After finishing Arlo Crawford's memoir A Farm Dies Once a Year, I found myself wanting to quit my desk job and do something that involves working with my hands. The book details Crawford's decision to leave his city life to help out on his parents' farm in rural Pennsylvania. To my surprise, the narrative is as much a curious look at the intricacies of organic farming as it is a rich, poignant portrait of Crawford's family and their relationship to the land and their neighbors. (On top of moving to the country, A Farm also gave me the urge to call my mom and tell her how much I appreciate her.)
If that's not enticing enough, Crawford was kind enough to share a handful of photos of his parents' farm and a few words to go along with them.
These pictures are different than what most people expect when they think "farm," but I love how still and solitary they are. For me, the most distinctive part of growing up on our farm was how isolated and quiet it could be, and how separate it felt from the outside world. The beauty in February is less conventional, but it's also unadorned and bone-deep.
My father turned out to be a hugely important part of the book, and people always ask me how he's reacted, partly because the farm is such an intensely personal project for him. He was wary of trusting someone else to describe it, and we both look a little dour in this picture, but in the end he was proud and happy. It's a real testament to his character that he was able to set aside his feelings and respect the book as my own document of the place.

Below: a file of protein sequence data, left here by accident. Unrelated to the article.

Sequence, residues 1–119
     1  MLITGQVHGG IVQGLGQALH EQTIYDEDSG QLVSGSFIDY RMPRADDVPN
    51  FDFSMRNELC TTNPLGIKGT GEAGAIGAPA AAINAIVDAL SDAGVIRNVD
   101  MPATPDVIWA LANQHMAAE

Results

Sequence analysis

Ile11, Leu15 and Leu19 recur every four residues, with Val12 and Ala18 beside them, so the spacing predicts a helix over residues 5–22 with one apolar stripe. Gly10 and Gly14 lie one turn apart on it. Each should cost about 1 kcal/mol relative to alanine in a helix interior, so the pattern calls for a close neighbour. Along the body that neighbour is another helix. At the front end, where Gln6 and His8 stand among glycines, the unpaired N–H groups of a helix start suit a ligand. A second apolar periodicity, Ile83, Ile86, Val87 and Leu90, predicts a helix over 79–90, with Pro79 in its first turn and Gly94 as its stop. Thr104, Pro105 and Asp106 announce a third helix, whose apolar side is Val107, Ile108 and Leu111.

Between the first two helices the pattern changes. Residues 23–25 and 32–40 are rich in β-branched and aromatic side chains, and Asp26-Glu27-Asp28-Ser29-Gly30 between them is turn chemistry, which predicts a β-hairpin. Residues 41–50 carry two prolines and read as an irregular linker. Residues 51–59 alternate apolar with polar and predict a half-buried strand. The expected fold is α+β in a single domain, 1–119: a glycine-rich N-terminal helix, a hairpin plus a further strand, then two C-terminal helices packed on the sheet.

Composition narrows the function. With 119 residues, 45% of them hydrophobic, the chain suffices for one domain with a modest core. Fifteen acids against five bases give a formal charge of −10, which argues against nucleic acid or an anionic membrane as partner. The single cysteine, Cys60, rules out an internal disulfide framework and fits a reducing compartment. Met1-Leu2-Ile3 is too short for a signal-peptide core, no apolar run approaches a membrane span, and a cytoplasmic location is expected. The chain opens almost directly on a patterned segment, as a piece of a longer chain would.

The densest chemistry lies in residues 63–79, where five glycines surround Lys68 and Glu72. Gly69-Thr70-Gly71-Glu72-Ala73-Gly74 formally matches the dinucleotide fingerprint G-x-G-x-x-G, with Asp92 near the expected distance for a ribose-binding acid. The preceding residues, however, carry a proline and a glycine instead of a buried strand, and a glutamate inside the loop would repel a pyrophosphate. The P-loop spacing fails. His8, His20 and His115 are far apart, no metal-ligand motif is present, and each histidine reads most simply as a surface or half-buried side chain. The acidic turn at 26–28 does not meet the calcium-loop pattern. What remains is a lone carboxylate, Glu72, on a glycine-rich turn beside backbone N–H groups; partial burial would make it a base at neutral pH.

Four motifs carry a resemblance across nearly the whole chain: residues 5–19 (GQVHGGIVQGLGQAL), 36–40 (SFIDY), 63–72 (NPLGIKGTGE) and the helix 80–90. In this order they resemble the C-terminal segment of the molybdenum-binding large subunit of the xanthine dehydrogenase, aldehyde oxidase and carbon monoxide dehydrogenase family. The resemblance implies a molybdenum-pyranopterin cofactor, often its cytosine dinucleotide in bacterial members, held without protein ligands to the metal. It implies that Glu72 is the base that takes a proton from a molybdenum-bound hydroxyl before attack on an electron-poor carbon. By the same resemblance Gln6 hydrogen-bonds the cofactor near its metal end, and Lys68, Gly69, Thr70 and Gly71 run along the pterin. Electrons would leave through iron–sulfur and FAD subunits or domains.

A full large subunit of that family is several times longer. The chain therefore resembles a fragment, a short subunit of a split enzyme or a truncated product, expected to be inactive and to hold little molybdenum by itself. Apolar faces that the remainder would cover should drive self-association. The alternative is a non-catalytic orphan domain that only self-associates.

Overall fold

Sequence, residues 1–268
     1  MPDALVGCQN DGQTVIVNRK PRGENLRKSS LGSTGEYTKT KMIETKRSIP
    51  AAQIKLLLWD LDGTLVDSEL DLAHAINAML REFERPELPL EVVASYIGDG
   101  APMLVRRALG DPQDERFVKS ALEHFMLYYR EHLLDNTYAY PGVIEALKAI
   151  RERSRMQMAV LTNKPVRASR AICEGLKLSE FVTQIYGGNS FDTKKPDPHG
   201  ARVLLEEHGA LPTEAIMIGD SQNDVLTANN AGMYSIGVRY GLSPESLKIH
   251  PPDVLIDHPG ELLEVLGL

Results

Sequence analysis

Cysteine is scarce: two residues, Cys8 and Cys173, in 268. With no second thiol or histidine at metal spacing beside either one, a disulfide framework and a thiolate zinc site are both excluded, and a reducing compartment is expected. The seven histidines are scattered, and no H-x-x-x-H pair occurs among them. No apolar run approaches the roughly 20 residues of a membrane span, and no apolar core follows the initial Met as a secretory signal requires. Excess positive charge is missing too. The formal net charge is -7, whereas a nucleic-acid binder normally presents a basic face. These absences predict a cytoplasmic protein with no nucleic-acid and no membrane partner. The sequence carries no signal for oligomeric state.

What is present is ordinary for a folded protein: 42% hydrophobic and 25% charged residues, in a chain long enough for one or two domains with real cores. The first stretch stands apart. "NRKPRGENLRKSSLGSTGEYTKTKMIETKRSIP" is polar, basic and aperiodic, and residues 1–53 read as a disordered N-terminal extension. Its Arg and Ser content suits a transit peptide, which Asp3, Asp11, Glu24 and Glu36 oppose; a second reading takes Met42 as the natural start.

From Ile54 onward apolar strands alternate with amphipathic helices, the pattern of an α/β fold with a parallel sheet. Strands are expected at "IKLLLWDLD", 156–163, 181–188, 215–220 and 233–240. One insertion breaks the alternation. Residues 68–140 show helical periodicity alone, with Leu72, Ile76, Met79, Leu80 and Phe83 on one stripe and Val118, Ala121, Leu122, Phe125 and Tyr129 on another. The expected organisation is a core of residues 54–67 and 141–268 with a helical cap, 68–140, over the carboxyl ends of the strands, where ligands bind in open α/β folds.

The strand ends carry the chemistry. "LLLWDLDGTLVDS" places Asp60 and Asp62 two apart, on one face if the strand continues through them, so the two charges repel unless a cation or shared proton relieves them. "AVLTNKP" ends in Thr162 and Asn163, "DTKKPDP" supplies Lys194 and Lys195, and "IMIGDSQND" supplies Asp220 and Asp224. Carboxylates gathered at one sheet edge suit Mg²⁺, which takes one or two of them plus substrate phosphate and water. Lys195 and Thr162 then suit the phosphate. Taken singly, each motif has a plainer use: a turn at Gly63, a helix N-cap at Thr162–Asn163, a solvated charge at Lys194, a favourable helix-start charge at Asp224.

That's my mother in the background, picking some sage for dinner. She's always spent a huge amount of time working in the greenhouse, being alone, listening to the radio. In the winter it's warm and humid, and it smells like soil and things growing. It's a little pool of summer captured in the expanse of all that frozen land.
This is one of our dogs, Okra, being joyful. I've never been on a farm that didn't have at least a few dogs, and they're really essential to the enterprise. On a hot summer day, when there are endless rows of basil and tomatoes to pick, they take always take the time to flop in the creek or lie in the tall grass to gnaw an ear of corn. Even with all the beauty surrounding you on a farm, sometimes you need a dog to remind you to stop and take a little pleasure in it.
We have 200 chickens living in a coop down below our house, and they eat like kings. These guys are currently snacking on kale and butternut squash"”whatever's left over after the last farmers' market on Sunday. Chickens also go crazy when they see a broken egg. They LOVE to eat broken eggs. It's a little creepy.